What makes LiquidText unique is how it uses the Pencil not just as a tool for annotations, but also as a tool for gestures.
Google today updated its Chrome browser for iOS devices to version 57, adding a new "Read Later" function for saving articles to a Reading List so they can be viewed at a later time even when an internet connection is unavailable.
The Chrome Read Later function is similar to the "Reading List" feature that's available in the Safari web browser for Macs and iOS devices.
Apple had instructed 16 Russian retailers to hold the prices of its iPhone models and contacted them in the event that any products were being sold at “inappropriate” prices, the FAS said in a statement after a seven-month investigation, adding that it suspected Apple was able to terminate sale agreements with retailers if pricing guidelines were not met. [...]
On Tuesday, a spokesperson said: “We worked closely with FAS during their investigation and are glad to put this matter behind us. We work hard to make the best products and services in the world for our customers and are deeply committed to making sure our resellers are able to compete fairly in the markets where we do business.”
In the brief, the companies argue: "When a warrant seeks email content from a foreign data center, that invasion of privacy occurs outside the United States — in the place where the customers’ private communications are stored, and where they are accessed, and copied for the benefit of law enforcement, without the customer’s consent."
They claim that handing over foreign data "invites" other countries to demand emails from US citizens, stored on US soil, in the same way.
The dozens of women I interviewed for this article love working in tech. They love the problem-solving, the camaraderie, the opportunity for swift advancement and high salaries, the fun of working with the technology itself. They appreciate their many male colleagues who are considerate and supportive. Yet all of them had stories about incidents that, no matter how quick or glancing, chipped away at their sense of belonging and expertise. Indeed, a recent survey called “Elephant in the Valley” found that nearly all of the 200-plus senior women in tech who responded had experienced sexist interactions. (And just as the print version of this article went to press, a former Uber engineer added to the evidence of Silicon Valley’s gender problem when she wrote a blog post detailing what she said was a pattern of sexist behavior at the company.)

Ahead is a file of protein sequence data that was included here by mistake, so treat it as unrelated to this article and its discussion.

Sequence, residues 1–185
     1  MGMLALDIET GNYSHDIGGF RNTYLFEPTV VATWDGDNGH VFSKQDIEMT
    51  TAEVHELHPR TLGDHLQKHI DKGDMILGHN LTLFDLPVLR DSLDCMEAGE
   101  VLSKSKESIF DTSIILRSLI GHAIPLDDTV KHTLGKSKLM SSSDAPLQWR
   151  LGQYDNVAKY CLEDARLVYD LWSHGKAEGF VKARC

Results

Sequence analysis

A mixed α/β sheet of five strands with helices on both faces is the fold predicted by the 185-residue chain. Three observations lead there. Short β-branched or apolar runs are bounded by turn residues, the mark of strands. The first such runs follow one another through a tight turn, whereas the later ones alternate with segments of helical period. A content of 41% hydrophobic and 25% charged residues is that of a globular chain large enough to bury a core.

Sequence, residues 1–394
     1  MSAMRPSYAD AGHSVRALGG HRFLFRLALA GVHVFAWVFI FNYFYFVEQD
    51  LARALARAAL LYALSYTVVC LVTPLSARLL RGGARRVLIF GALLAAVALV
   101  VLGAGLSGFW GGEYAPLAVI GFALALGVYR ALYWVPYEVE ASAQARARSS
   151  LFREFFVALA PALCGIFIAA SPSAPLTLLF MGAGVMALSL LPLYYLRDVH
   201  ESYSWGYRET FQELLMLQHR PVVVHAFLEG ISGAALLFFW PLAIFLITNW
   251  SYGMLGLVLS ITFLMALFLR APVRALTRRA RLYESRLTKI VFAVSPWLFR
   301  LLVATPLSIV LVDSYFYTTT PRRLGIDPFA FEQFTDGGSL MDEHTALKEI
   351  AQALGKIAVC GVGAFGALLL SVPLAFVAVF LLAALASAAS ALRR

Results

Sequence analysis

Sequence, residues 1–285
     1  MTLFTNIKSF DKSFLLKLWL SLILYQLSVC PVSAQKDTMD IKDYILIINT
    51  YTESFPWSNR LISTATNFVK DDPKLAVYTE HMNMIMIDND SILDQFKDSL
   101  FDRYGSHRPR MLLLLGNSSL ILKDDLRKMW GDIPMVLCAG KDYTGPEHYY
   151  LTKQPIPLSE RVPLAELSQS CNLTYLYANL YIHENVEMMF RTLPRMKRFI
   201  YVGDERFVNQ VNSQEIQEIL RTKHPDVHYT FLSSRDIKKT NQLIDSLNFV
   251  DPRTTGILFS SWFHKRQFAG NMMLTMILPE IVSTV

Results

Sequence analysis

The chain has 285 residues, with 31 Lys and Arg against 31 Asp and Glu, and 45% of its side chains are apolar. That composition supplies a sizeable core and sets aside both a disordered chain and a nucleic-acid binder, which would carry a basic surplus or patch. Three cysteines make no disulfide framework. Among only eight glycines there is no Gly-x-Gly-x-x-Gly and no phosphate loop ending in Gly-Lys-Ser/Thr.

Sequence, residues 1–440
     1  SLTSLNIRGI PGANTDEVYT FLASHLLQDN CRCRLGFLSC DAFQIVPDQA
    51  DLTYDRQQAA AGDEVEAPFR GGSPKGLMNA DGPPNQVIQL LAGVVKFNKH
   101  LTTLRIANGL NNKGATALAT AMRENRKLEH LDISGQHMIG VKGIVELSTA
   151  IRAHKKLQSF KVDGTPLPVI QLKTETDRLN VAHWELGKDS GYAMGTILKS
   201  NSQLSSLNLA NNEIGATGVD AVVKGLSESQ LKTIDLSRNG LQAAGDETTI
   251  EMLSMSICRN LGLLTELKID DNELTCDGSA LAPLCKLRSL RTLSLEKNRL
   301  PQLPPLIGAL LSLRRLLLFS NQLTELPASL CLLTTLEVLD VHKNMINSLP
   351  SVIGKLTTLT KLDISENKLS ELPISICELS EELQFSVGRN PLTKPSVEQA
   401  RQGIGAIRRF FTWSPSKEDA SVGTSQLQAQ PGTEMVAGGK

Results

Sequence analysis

As Bethanye Blount’s and Susan Wu’s examples show, succeeding in tech as a woman requires something more treacherous than the old adage about Ginger Rogers doing everything Fred Astaire did, only backwards and in high heels. It’s more like doing everything backwards and in heels while some guy is trying to yank at your dress, and another is telling you that a woman can’t dance as well as a man, oh, and could you stop dancing for a moment and bring him something to drink?
Some days, the first thoughts that came into my mind in the morning are: are these what my life has to offer, and is this all that I do with my life...
On some other days, the first thoughts that came into my mind in the morning are: I'm satisfied in what life has to offer and what I have to offer, and I am okay with all these.
Today, I am happily married for 21 years. Thank you.
Thanks for reading.